In order to further harden our exploit and make it even more reliable, we chose to create the malicious “update” file on a separate computer then the Plex Media Server itself.
Since we control the computer that the malicious “update” file is on, we have more control over the behavior of the race condition.
Note that it is also possible to run this exploit using a local path, meaning the malicious “update” file resides on the same computer as the Plex Media Server.
On the Plex Media Server machine the attacker needs to start a simple RPC communicator and call the RPC endpoint function Install() from “Plex Update Service.exe” using the malicious “update” file as the path parameter.
If the malicious file resides on a different computer, the path should be the SMB path to the file.
On the Attacker computer We will use SetOpLock to lock and notify us when someone attempts to access the file:
Once the “Plex Update Service” attempts to access the update file because of the Install() RPC call we made, we will allow it to access the file for a set number of times– exactly enough for it to validate the file via CheckBundle().
Once the file is validated, we lock it again and get notified when Install() is attempting to read the file in order to execute it.
At this point we use the legitimate update files’ handle to replace its content with our malicious content via the File Mapping WinApi –
CreateFileMapping -> MapViewOfFile -> CopyMemory WinAPI’s
With our malicious payload now in place the program will release the file handle and allow the Plex Update Service to execute our malicious file:
TOCTOU using Mount Points:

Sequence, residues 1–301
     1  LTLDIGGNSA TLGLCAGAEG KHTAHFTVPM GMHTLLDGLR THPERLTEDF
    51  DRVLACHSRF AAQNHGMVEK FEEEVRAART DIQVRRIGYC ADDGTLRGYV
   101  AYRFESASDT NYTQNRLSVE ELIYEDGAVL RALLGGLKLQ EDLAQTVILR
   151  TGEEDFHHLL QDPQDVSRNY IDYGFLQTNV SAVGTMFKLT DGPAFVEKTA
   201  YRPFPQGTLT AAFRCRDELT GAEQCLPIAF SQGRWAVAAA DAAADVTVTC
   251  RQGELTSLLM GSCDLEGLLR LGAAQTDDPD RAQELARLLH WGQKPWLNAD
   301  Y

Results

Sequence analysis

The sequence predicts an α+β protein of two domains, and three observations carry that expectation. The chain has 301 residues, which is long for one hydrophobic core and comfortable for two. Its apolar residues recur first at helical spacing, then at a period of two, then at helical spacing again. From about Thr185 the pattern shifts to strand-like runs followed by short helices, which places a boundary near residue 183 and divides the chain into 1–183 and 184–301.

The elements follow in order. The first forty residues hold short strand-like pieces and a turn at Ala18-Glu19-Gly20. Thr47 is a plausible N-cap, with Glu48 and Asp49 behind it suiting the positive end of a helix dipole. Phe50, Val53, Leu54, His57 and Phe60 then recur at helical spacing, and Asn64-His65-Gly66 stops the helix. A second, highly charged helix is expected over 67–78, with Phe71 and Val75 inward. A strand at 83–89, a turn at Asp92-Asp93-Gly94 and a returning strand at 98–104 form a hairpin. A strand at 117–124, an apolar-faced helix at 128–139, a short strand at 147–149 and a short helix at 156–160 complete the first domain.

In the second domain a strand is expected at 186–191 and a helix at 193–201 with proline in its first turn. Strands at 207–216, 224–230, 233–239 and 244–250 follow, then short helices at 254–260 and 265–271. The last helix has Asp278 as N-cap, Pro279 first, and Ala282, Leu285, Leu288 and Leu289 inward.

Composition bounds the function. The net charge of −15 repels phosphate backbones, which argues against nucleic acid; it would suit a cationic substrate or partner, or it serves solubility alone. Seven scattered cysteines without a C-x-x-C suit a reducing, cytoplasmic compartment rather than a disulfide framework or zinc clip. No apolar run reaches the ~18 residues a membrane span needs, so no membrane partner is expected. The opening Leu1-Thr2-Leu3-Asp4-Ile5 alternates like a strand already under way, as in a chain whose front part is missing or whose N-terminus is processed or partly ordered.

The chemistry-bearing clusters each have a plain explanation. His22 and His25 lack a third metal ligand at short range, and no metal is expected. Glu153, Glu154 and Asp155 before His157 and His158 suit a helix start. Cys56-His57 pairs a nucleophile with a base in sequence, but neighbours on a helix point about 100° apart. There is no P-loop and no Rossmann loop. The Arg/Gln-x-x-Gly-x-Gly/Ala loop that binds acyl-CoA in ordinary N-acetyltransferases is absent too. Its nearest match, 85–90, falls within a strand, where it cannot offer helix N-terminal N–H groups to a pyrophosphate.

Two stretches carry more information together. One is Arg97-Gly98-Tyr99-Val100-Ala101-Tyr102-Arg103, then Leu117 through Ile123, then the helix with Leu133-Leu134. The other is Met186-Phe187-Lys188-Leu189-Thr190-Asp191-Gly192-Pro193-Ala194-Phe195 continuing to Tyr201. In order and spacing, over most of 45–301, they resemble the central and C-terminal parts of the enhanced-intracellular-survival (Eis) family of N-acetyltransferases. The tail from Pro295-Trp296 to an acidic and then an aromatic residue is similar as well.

Further research revealed another technique to perform our TOCTOU exploit.
We noticed that the access order to the update bundle (After calling Install() ) is as follows:
- Read the update file to check its digital signature
- Read CACERT.pem
- Read the update file again
- Execute the bundle from the location
The other technique we used to implement TOCTOU was to create a junction folder 
which was first linked to a folder that contained a valid update file.
In order to always win the race condition, we set an OpLock on CACERT.pem with a callback function (Since we know that as soon as the update service requests an handle to CACERT.crt it has already finished its validity check).
The callback function creates a new mount point (on the junction folder) to the folder containing the malicious update.
This will cause the filesystem to serve the malicious file to the Plex server since the symbolic link points to the malicious directory, not the original directory.
As we’ve seen, RPC provides an attack surface ripe for exploits – it is only a matter of understanding the functionality of the RPC endpoints and customizing the calls.
From a security perspective it is possible for a vendor to eliminate much of the RPC attack surface, but this requires fairly deep understanding of RPC mechanisms, and thus many vendors do not implement these mitigations.
14/10/21 – First Contact with Plex Security Team
15-28/10/21 – Communication with Plex team to resolve this issue
25/10/21 – CVE was assigned by MITRE
01/12/21 – Plex issued a patch fixing this vulnerability